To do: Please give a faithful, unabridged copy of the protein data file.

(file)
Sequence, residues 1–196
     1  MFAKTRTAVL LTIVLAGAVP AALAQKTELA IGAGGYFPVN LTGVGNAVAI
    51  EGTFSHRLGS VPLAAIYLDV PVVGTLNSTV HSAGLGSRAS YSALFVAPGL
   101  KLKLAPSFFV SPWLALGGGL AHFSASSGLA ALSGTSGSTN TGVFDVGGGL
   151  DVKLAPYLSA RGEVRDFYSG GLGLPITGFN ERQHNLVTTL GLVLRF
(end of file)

Sequence, residues 1–196
     1  MFAKTRTAVL LTIVLAGAVP AALAQKTELA IGAGGYFPVN LTGVGNAVAI
    51  EGTFSHRLGS VPLAAIYLDV PVVGTLNSTV HSAGLGSRAS YSALFVAPGL
   101  KLKLAPSFFV SPWLALGGGL AHFSASSGLA ALSGTSGSTN TGVFDVGGGL
   151  DVKLAPYLSA RGEVRDFYSG GLGLPITGFN ERQHNLVTTL GLVLRF